By Rachel Evans and Carolina Wilson
(Bloomberg Markets) --Nick Cherney was still on the slopes when he realized something was wrong. The outdoor enthusiast, who runs exchange-traded products at Janus Henderson Investors, was just skiing back into Aspen after spending eight hours on some of Colorado’s toughest backcountry terrain. He’d been without a cell signal all day and, as he looked at his phone, he started to fear this was no ordinary Monday.
Almost 2,000 miles away in New York, traders were in an uproar. It was Feb. 5, 2018, and stocks had tumbled more in a single day than they had in six and a half years. The Cboe Volatility Index, or VIX, had spiked 116 percent—its biggest jump ever.
Amid the tumult, Cherney focused on two ETPs. Both were getting smoked in after-hours trading as their bets against market volatility crashed. The day’s move had wiped out 90 percent of the $3 billion-plus that institutions and retail buyers held in the two ETPs the previous week.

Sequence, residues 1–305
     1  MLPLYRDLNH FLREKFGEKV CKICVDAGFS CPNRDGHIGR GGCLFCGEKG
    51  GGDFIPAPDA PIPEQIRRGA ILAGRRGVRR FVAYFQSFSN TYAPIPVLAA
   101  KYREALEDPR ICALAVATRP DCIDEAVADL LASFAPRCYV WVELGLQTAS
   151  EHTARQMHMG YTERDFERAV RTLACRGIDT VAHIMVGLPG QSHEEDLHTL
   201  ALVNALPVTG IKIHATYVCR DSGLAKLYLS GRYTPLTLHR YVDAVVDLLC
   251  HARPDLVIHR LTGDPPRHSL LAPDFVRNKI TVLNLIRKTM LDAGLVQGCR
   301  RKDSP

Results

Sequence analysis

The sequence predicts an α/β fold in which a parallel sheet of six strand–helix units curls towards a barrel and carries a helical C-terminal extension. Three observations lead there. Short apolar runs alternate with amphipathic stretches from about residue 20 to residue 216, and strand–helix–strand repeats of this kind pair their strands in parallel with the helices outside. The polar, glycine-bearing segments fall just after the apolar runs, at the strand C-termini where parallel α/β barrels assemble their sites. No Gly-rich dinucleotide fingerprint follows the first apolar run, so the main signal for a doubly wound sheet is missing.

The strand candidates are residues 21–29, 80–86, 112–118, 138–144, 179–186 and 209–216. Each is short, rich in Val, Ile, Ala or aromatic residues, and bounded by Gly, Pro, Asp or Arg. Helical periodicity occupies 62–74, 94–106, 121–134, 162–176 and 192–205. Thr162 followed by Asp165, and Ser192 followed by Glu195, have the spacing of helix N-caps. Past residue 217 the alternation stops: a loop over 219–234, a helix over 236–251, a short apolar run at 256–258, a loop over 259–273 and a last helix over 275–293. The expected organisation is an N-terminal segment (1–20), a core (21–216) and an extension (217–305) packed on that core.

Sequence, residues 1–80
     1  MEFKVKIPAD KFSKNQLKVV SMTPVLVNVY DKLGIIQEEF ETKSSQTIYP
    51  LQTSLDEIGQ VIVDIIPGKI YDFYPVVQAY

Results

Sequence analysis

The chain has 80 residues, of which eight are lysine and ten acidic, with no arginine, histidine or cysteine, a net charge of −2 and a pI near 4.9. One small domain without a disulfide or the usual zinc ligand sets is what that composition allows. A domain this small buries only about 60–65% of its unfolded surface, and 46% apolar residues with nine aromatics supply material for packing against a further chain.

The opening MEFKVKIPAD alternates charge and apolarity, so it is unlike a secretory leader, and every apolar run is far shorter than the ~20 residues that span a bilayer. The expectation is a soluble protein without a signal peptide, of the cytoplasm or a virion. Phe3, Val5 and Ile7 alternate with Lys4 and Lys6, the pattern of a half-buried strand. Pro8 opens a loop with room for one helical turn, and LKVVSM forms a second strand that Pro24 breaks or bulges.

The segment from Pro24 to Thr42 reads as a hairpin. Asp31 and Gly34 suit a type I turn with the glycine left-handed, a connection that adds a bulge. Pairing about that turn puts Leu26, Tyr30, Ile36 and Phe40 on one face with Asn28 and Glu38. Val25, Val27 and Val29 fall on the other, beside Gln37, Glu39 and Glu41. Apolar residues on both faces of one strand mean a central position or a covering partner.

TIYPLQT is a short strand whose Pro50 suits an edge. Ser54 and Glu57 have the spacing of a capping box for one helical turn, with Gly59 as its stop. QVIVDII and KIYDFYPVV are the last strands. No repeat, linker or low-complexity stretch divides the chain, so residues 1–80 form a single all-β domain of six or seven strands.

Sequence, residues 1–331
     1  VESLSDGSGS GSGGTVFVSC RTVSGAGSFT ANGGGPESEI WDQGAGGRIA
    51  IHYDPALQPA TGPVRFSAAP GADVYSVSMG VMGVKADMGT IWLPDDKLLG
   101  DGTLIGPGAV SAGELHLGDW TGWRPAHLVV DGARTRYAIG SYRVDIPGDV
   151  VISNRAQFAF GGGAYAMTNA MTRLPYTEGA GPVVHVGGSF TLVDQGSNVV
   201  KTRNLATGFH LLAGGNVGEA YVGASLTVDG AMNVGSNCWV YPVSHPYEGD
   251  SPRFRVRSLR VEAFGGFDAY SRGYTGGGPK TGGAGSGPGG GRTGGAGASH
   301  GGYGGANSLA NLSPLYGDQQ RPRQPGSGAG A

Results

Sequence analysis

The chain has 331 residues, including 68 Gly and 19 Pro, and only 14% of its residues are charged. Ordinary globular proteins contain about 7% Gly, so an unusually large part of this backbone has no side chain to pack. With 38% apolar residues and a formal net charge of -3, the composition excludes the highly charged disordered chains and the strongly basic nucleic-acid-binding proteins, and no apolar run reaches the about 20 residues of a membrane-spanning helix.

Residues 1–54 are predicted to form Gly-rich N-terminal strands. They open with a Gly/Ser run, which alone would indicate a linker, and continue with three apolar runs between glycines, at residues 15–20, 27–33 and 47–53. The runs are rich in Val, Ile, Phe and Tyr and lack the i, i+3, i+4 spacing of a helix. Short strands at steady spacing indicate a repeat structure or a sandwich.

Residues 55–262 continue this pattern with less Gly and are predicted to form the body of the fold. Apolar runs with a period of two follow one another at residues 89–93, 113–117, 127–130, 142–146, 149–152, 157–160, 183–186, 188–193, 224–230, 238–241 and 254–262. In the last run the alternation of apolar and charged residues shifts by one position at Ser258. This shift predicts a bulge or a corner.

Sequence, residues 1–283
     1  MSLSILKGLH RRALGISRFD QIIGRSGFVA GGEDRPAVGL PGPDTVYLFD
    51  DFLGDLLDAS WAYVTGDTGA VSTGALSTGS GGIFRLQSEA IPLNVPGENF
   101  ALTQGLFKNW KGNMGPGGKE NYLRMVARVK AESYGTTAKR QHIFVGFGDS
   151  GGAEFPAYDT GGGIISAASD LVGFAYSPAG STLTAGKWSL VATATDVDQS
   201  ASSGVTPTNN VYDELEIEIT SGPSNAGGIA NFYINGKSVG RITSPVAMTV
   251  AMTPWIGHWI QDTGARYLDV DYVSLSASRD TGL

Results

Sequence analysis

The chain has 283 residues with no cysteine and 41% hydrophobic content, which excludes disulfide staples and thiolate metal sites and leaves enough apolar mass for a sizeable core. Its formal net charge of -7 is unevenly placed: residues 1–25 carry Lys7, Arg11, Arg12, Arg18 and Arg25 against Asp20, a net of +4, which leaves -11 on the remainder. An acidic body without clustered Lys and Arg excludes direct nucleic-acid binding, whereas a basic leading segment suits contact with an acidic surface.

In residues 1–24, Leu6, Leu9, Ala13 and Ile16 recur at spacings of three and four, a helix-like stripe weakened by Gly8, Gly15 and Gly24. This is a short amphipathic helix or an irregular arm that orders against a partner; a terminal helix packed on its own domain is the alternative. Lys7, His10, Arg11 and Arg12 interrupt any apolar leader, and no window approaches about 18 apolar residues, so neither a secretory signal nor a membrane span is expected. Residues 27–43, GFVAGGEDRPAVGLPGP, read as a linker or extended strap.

One was painfully familiar to the then-37-year-old Cherney, who’d helped structure the VelocityShares Daily Inverse VIX Short-Term ETN for VelocityShares before Janus acquired the company. “I pulled up to look at the markets, and I was like, that can’t be right,” he says.
Soaring volatility had sent both short-VIX ETPs plunging as Cherney had trained for a grueling 40-mile race through the Elk Mountains. But the fates of the two ETPs were starkly different: One would be shuttered, while the other survives to this day.